The Porsche 911 began its sports car reign back in 1963 and has sprouted many different generations with various improvements and advances with each one that passes. As you may know, the first three generations of the 911 used an air cooled engine, ending with the 996 series in 1998. Sin ger Vehicle Design saw benefits in the use of an air-cooled engine, so much so that they decided to build their own modern interpretation of the early performance-focused 911.
As many enthusiasts and more importantly purists understand about Porsche is the legacy that each car leaves. Recent history has been tough on these people with the introduction of so many new models and new ideas into the company that they love. The 996 model saw the air-cooled Porsche engine disappear in favor of a more conventional unit. This was blasphemy for most die-hard fans and they found it hard to understand why Porsche needed to do such a thing in order to make the 911 better. Sadly, it was not so much about making the car better, the 993 Turbo was amazing, but rather about appealing to a larger crowd so the company could stay solvent and sell more cars.
Singer’s objective was to take fully road legal pre‐1994 Porsche 911 Coupes and strip them clean. After that, engineers spent their time rebuilding the bodywork to make it strong and lightweight by using a ton of carbon fiber. The most important feature, however, is what is found under the hood. This concept shows in an even better way than Porsche’s own designers have been able to convey that the old body lines and style of 911’s still work, but modern technology can be incorporated tastefully to deliver the desired performance levels.
Hit the jump to read more about the Singer 911.
The new Singer 911 will be built on any longer wheelbase 911 (1969 to 1989) donor car, but that car will eventually get stripped down of everything except the door panels. The rest of the car will be replaced with carbon fiber and autoclave pre-preg Kevlar honeycomb parts. A very particular feature of the Sin ger model are the fender flares that resemble the early 911 RSR and ST models. Singer will also add uniquely designed HID headlamp arrangements, a front lip spoiler that reduces front end lift by 12 percent, and a speed sensitive rear spoiler that retracts back into the body (first seen on the 964). At first the 911 model will be available in Singer Racing Orange, but other colors will also become available.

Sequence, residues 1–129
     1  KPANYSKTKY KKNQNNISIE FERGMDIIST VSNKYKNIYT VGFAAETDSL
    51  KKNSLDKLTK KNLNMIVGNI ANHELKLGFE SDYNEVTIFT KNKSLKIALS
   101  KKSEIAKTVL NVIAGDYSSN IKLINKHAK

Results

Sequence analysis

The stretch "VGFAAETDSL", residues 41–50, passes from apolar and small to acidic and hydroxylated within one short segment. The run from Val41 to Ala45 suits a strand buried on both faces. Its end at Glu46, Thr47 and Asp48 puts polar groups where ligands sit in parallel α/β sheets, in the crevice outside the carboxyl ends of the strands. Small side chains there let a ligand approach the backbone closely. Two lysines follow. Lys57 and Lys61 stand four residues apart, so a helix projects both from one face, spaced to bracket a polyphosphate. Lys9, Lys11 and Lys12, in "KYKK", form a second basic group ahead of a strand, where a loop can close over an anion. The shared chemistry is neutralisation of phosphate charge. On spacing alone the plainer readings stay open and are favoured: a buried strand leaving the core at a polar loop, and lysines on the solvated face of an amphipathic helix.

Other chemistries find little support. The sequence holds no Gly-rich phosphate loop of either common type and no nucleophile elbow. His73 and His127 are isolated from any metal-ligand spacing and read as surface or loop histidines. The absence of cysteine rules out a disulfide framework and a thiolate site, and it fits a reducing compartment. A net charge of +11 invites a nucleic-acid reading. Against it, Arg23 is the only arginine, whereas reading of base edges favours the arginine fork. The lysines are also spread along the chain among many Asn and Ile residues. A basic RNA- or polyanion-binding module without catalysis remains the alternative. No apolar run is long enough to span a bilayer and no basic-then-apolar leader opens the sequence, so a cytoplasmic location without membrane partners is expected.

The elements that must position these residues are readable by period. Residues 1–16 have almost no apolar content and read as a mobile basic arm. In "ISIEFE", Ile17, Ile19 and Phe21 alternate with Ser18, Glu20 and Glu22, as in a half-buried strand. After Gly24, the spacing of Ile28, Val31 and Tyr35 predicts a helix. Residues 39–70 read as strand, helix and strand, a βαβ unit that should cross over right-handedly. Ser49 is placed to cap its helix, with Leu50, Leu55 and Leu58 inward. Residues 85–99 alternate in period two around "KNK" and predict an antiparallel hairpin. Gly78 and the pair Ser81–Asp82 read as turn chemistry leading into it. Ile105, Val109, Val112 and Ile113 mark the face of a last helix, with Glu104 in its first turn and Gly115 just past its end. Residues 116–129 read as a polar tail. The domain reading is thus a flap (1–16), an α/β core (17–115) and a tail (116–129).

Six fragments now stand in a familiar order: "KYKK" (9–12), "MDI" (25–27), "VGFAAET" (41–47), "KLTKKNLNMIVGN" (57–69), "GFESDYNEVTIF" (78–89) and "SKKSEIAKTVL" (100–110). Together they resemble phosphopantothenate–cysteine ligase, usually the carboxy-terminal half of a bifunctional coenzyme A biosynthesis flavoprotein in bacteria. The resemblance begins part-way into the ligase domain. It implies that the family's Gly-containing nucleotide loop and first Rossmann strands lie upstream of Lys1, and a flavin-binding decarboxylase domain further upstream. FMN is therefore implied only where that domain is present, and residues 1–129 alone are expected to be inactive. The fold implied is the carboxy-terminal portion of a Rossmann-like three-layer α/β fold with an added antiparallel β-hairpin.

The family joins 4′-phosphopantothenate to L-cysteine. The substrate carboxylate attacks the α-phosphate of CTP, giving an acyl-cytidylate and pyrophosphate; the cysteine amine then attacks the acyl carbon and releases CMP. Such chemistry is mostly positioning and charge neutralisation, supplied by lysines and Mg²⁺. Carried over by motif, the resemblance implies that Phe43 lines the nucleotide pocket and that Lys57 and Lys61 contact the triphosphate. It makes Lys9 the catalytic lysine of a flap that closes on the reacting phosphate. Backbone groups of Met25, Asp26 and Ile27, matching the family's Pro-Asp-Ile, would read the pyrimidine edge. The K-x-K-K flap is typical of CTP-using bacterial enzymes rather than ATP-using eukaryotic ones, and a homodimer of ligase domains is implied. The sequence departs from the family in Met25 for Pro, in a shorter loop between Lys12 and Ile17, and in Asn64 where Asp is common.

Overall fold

On the interior, Singer has left an original 911-style instrument cluster, but with has added all new gauges. The car will be fitted with supple dark racing green leather, re-engineered vintage 911 Recaro seat that use structural carbon fiber, and a MOMO steering wheel.
The list of modern technologies will include: a lightweight electric air conditioning system, Garmin Navigation system, ipod interface, and Bluetooth connectivity.
The new Singer 911 will be offered in two versions: luxury and touring. Both versions will be powered by a 3.82-liter flat six engine, with one delivering 360 HP and the other 425 HP. Both will come with 340 lbs. ft. of torque. The engine was taken directly from the 993 series cars and bored out to the 3.82-liter displacement. The 993 was the last air-cooled Porsche and therefore offered the newest technology for this sort of engine. Combining an extremely powerful and modern engine into the body of a 911 from the glory days is a great combination. The bulletproof 3.82-liter engine combination is matched to a nearly indestructible six-speed G50 transaxle that has been revised with a close ratio cogs and a limited slip differential.
With a total weight of 2400 lbs., the Singer 911 will sprint from 0 to 60 in 3.9 seconds, 0 to 100mph in 8.5 seconds, and will be capable of hitting a top speed of 170 mph. With that kind of speed and look, the Singer 911 is a real sleeper for the enthusiast that likes to embarrass the overpaid stockbroker that just bought a new 911 for its looks.
In order to get the new Singer 911 interested buyers will have to shell out a cool $200,000.
The Singer 911 is a unique model on the market, but with 425 HP under the hood, it will bring plenty to the table against other sports cars on the market. Porsche itself will be in trouble as their standard 911 models only deliver 345 hp, or 385 bhp in the S version. Not to mention the sprint from 0 to 60 mph is made in only 4.5 seconds. So far, the company has produced several of these for discerning customers and each went for about $300,000.
As far as we know, there are plenty of people out there who will do anything to own an old Porsche 911, and with 425 HP under the hood, that dream has gotten even more vivid.
- Retro look
- Impressive output and performance number
- Carbon fiber elements
- The Conversion can be Kind of Expensive
- Some like “stock” classic Porsches
- Limited amount of bodies and parts to harvest